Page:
Solicitor who failed to repay money borrowed from client is struck off
High court told Paul Cunningham (50) owed the money to woman caring for elderly husband with Alzheimer’s
Paul Cunningham pictured leaving the Four Courts on Monday after he was struck off the roll of solicitors. Photograph: Collins Courts
A solicitor who has not fully repaid a €27,000 sum borrowed by him from an elderly client who is in difficult circumstances has been struck off the roll of solicitors by order of the High Court.
Findings of professional misconduct were made in 2017 against Paul Cunningham (50) concerning that loan; his failure to pay a firm of actuaries a sum of €5,000 due to them for work done for another client; and failure to comply with his undertaking to register a charge in favour of a bank.
The 2017 findings by the Solicitors Disciplinary Tribunal (SDT) followed earlier findings by the tribunal against Mr Cunningham in July 2016 of misconduct over failure to comply in a timely manner with other undertakings, which lead to an order permitting Mr Cunningham practice only under supervision of another solicitor.
Arising from the 2017 findings of professional misconduct, the Law Society secured a strike off order on Monday against Mr Cunningham.
That order was necessary to protect the public and to maintain the reputation of the solicitors profession as one that can be trusted “to the ends of the earth”, the president of the High Court, Mr Justice Peter Kelly said.
The SDT had recommended a lesser sanction than strike off, that Mr Cunningham be instead permitted continue practice under supervision.
Nessa Bird BL, for the Law Society, argued strike off was necessary. She said Mr Cunningham had debts of more than €400,000 and the client from whom he had borrowed the €27,000 was still owed about €17,000 with little chance of recovery.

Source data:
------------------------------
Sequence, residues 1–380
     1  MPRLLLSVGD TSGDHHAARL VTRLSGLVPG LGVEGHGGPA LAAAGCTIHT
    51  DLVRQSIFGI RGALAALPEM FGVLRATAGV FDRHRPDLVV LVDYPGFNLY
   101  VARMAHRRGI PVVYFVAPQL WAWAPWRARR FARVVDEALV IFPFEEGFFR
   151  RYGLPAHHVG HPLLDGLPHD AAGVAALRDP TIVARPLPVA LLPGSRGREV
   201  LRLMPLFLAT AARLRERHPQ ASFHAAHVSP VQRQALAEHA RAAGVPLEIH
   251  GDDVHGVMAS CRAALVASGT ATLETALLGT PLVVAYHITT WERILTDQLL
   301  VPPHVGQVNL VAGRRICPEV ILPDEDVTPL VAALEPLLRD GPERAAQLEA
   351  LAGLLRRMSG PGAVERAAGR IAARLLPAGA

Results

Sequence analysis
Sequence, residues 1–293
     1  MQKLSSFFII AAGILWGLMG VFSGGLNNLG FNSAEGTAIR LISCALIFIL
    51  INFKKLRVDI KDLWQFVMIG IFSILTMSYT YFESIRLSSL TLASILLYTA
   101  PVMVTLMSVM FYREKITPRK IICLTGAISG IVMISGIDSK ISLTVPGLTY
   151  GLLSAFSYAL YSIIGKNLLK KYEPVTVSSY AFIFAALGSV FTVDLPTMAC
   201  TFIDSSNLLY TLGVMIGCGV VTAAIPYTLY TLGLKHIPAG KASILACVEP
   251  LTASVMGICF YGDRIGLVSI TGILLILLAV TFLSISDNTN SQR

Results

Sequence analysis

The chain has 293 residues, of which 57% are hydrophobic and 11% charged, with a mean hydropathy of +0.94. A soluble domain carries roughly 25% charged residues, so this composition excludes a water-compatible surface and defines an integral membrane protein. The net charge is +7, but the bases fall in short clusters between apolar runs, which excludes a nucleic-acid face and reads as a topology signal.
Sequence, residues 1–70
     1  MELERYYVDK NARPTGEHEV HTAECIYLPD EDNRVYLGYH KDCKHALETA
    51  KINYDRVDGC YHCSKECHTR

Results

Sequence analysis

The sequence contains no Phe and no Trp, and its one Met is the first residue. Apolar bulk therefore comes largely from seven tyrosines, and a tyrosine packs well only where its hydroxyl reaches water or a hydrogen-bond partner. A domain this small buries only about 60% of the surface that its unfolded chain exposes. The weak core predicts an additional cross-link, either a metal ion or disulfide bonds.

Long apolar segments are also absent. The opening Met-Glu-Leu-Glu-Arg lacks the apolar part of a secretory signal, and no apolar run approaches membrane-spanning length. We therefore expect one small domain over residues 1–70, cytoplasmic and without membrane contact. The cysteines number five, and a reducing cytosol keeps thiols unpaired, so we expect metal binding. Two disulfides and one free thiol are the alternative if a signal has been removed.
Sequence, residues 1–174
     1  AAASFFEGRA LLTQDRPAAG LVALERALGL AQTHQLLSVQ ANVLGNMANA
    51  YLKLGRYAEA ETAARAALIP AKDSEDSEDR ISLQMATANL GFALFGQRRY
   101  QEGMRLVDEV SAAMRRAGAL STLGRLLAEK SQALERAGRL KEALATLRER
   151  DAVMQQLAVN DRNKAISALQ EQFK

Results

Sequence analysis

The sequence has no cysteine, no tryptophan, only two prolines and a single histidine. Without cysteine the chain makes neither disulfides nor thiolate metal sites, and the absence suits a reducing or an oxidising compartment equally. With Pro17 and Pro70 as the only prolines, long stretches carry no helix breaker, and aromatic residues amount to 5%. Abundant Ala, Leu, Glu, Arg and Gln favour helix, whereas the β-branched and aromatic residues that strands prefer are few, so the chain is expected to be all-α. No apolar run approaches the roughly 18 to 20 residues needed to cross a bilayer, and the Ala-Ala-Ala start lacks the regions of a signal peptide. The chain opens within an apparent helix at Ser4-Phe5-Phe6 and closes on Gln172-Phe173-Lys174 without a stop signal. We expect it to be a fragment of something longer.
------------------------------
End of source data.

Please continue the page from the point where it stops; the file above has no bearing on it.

The affected client had complained he told her he needed the money for a tax clearance certificate but when she asked him for repayment over time, he gave her “one excuse after another”.
The client had taken Circuit Court proceedings and got an order for judgment but was still not fully repaid.
Because there was no dishonesty by Mr Cunningham in these matters, the client is not eligible for compensation from the Law Society Compensation Fund, counsel said.
Mr Cunningham had fallen short in relation to the need for trust in a solicitor when handling client monies and the situation was exacerbated by his failures to adequately respond to correspondence from clients and the Law Society, she said.
Sean Sexton, representing Mr Cunningham, said he had borrowed the €27,000 to try and get the tax clearance certificate necessary for him to be paid for criminal legal aid work he had done. Some of Mr Cunningham’s difficulties arose because he was owed monies and had sought to resolve issues he had with the Revenue, to which he had paid €100,000, he added.
Mr Cunningham was unable to honour the undertaking at issue because the Revenue had apparently lost or mislaid a relevant deed but he had resolved issues about other undertakings provided by him, he said.
Mr Cunningham had said the failure to repay the actuaries was a mistake but he hoped they would be reimbursed because, when he ceased practice, he had handed over a large personal injury claim to a colleague.
Mr Sexton also said his client is aged 50 with health issues, his only income now is €196 weekly disability allowance, he had been offered part work with another law firm and striking him off would be very serious for him and not assist in repaying the monies.
In his ruling, Mr Justice Kelly said he was particularly concerned Mr Cunningham had borrowed money from a client, which was a breach of solicitors guidelines; did so without advising her of the need to seek independent legal advice, another breach, and had not repaid the full amount.
The client is a vulnerable 77-year-old woman caring for an elderly husband with Alzheimer’s and an adult with special needs who had said she needed the money repaid but she was still owed €17,000.
He was also very concerned about the failure to pay the actuaries monies due to them and to comply with the undertaking. If there was any tolerance of slippage concerning obligations to comply with undertakings, the “hard currency” of the profession would be irreparably damaged.
While accepting there was no allegation of dishonesty, the circumstances required strike off, he ruled.